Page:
A tablet is a pharmaceuticals dosage form. It comprises a mixture of active substances and excipients, usually in powder form, pressed or compacted from a powder into a solid dose. The excipients can include diluents, binders or granulating agents, glidants (flow aids) and lubricants to ensure efficient tabletting; disintegrants to promote tablet break-up in the digestive tract; sweeteners or flavors to enhance taste; and pigments to make the tablets visually attractive.
A polymer coating is often applied to make the tablet smoother and easier to swallow, to control the release rate of the active ingredient, to make it more resistant to the environment (extending its shelf life), or to enhance the tablet's appearance. The compressed tablet is the most popular dosage form in use today. About two-thirds of all prescriptions are dispensed as solid dosage forms, and half of these are compressed tablets.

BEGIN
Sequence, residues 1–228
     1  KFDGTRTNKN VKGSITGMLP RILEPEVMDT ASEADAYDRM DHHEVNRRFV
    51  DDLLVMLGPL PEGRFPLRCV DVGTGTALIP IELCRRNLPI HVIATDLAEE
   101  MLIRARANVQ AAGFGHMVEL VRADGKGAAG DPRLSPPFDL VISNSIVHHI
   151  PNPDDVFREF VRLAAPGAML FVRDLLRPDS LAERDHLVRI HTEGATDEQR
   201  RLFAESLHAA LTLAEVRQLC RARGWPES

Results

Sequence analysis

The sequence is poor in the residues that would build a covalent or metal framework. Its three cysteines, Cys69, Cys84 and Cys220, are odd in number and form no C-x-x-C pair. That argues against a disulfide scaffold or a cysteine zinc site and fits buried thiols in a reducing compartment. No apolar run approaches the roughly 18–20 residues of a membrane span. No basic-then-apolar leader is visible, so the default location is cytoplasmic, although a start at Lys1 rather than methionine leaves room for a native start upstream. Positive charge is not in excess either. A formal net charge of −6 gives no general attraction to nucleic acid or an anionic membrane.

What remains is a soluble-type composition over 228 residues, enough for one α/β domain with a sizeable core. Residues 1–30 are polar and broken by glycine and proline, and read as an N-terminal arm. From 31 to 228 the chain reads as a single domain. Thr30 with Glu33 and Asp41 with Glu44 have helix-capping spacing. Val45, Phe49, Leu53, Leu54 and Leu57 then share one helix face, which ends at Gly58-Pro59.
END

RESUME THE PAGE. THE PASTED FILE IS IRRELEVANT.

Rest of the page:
In the tablet-pressing process, it is important that all ingredients be fairly dry, powdered or granular, somewhat uniform in particle size, and freely flowing. Mixed particle sized powders can segregate during manufacturing operations due to different densities, which can result in tablets with poor drug or active pharmaceutical ingredient (API) content uniformity but granulation should prevent this. Content uniformity ensures that the same API dose is delivered with each tablet. Tablets are simple and convenient to use. They provide an accurately measured dosage of the active ingredient in a convenient portable package, and can be designed to protect unstable medications or disguise unpalatable ingredients. Colored coatings, embossed markings and printing can be used to aid tablet recognition. Manufacturing processes and techniques can provide tablets special properties, for example, sustained release or fast dissolving formulations.